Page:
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neuropsych76 last won the day on July 1 2011

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About neuropsych76

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  1. Switching programs after 4 years into my PhD

    Thank you all for your replies! Unfortunately, earning an MA isn't possible at this point, but once I get my MA and PhD in sociology, it hopefully won't matter much. I guess it is confusing because a decent number of credits from my psychology program transfer into sociology. However, I like the idea of just listing my pubs and titles. I was a research assistant and instructor as a psychology PhD student. So I'm think about just listing those titles along with the publications so it makes more sense.
  2. I began my PhD in psychology and had a pretty awful time in graduate school. Poor mentoring, lack of fit, ect. I switched into a sociology program at my same school and I'm much, much happier now. The department actually cares about its students and I can study topics that I am interesting. So I wanted to mention that it's possible to switch if anyone is considering it! Anyway, I do not know what to write on my CV for my 4 years of doctorate training! I didn't earn a MA and will be getting my PhD from the same school. How would be the best way to describe my time at my last PhD program? I was essentially ABD and did all the coursework. Could I just write PhD candidate? Should I say how many credits I earned? I did publish 3 articles during my time there so I was somewhat productive despite the awful experience. Thank you!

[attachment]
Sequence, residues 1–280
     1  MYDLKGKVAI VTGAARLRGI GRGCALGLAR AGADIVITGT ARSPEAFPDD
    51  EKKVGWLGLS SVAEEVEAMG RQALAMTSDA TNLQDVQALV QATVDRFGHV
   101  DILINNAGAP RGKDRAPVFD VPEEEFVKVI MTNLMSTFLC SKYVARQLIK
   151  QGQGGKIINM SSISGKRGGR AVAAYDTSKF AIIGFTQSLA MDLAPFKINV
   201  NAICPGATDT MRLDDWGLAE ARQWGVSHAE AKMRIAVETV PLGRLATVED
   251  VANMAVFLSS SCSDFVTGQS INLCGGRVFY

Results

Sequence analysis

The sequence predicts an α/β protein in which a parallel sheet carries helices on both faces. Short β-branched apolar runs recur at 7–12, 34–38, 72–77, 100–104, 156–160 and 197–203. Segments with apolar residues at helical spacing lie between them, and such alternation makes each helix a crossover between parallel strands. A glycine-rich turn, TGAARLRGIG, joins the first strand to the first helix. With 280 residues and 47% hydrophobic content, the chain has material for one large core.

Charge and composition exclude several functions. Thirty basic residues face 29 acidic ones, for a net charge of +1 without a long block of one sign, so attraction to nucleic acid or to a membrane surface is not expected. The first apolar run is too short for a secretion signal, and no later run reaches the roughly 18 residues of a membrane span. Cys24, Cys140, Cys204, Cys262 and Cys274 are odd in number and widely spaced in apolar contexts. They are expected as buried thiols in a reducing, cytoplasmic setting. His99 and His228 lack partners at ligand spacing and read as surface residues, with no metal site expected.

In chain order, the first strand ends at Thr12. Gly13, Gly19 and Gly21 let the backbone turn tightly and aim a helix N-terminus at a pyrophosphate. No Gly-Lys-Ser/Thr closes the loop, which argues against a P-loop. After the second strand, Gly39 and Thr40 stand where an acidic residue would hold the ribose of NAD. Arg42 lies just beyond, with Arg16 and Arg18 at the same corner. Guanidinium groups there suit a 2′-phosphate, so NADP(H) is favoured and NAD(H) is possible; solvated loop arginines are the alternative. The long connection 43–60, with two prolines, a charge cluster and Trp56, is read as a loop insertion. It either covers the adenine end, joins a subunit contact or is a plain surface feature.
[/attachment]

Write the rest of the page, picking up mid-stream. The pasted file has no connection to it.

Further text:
3. That's a good point. I only wrote a small part of the article and mostly helped with data collection/analysis. One thing that worries me in particular is that the grad student told me that they were going to do new analyses for the projects (which would have been my job) and it was assigned to someone else. I told my old advisor I wanted to help finish anything I could for the papers and she did not give me any more work or even details. So I don't really have any opportunity to meet with her since I was waiting for the go ahead to do the extra analyses. I would have been a lower author anyway for both articles, but I still lose the pubs on my CV.
  4. Hello, So I recently switched labs in my graduate program. Before I left my old lab, we collected data, analyzed it, and started writing up two articles. My old advisor told me I would be a co-author on both of these articles since I helped a decent amount with both. However, I was talking with another grad student and she told me that I might not be a co-author anymore since I switched labs before the articles were submitted. She has heard this happen to other students. I have not mentioned this to my advisor yet because I'm not really sure how to bring it up. I think we parted on amicable terms as I expressed to my advisor very openly how I didn't think we were a good fit and was going to look at other labs. My advisor seemed supportive of this as she also realized our research interests were growing apart. However, I did mention to her how I wanted to continue helping with the projects in an email and she never replied to that part which worries me. So my question: Is this normal to be snubbed on authorship because you left someone's lab? This seems somewhat unethical to me. If I did the work and was previously going to be an author, why should it matter that I left the lab? It seems pretty vindictive to not give me authorship and does harm my academic career as I'll lose two publications. Also, any advice on how I should bring this up with my mentor? I imagine I should just be direct, but I'm wondering if there is anything else I should add. Thank you!!